The skill tree adds a slight RPG element to the game, where you can unlock various boosts and new moves for Luffy’s arsenal, but the points required to get anything substantial takes a fair bit of grinding to rack up. Early on in the game, I found myself running into battles to try and squeeze little amounts of SP from anything I could punch.
This is very much a Luffy-centric adventure, too, which will surely infuriate many die-hard One Piece fans, as the rest of the Straw Hats are relegated to being lifeless NPCs that pop-up in few cutscenes or send you off on one the game’s many, many needless guff-filled side missions. This is, if nothing else, World Seeker’s greatest sin.
I truly wanted to like World Seeker, but its shortcomings often reared their ugly heads and refuse to go away. The missions are repetitive, bland and frustrating in equal measure and the combat doesn’t fare much better — for all the exciting moves Luffy has invented over the years, all you need to do in nearly every battle situation is mash the attack button until you win. Plus, almost all in-game dialogue is read from text, draining life from every character and situation. When the actual story does come along, it is genuinely exciting, and new characters Jeanne and Warden Isaac must be praised as worthy additions to the One Piece lore. The skill tree should open up the gameplay for Luffy and make everything more fun and joyous, but you end up with more of the same, and other elements, like crafting and the Karma system, become forgettable extras to anyone but the diehard fans.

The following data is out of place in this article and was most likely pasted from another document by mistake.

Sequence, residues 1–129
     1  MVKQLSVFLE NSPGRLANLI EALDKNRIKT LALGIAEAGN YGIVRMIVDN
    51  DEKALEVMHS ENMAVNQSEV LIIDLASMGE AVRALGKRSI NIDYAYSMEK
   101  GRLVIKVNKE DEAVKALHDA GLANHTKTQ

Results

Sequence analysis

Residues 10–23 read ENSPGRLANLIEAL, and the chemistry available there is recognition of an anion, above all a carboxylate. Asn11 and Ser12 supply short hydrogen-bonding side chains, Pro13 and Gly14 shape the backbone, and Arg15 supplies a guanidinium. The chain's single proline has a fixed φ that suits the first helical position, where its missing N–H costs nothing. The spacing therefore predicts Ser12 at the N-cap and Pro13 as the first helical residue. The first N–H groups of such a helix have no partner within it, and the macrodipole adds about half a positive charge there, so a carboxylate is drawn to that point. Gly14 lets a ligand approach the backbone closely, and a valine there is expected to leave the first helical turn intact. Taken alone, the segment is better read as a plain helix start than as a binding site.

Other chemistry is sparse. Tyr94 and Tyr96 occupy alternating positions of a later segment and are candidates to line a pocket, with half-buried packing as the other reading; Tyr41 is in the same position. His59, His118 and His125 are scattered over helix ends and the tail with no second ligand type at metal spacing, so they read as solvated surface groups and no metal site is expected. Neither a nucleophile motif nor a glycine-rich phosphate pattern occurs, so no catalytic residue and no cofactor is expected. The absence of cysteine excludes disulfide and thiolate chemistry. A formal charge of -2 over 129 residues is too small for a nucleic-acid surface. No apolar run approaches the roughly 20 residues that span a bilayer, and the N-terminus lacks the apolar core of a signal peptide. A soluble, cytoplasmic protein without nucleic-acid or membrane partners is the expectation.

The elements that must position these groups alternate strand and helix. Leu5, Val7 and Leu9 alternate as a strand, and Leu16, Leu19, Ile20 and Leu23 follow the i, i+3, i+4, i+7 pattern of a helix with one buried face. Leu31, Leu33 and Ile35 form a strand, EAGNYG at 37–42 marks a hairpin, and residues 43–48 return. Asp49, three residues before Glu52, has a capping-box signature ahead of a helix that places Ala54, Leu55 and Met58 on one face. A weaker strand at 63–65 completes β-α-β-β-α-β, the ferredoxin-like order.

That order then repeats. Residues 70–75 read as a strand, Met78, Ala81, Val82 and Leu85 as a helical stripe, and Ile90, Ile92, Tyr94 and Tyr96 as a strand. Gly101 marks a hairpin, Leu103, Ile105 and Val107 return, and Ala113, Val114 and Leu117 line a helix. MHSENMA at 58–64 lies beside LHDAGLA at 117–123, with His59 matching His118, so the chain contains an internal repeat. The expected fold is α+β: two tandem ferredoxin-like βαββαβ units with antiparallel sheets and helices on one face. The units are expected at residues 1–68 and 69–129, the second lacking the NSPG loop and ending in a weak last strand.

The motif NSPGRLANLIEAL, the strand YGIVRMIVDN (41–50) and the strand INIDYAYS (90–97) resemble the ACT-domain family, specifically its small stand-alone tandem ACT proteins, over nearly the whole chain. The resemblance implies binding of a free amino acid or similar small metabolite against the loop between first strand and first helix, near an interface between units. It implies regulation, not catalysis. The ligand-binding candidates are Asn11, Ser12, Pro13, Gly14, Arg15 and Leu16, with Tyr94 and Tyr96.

One Piece: World Seeker had all the potential to be a standout title for both fans and newbies alike, with a strong story and beautiful environment to explore to really set it apart from anything that has come before. Unfortunately, the game stumbles continuously with two or three negatives for every one positive very early on and never quite recovers.
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It’s a crying shame that this One Piece game is so one note.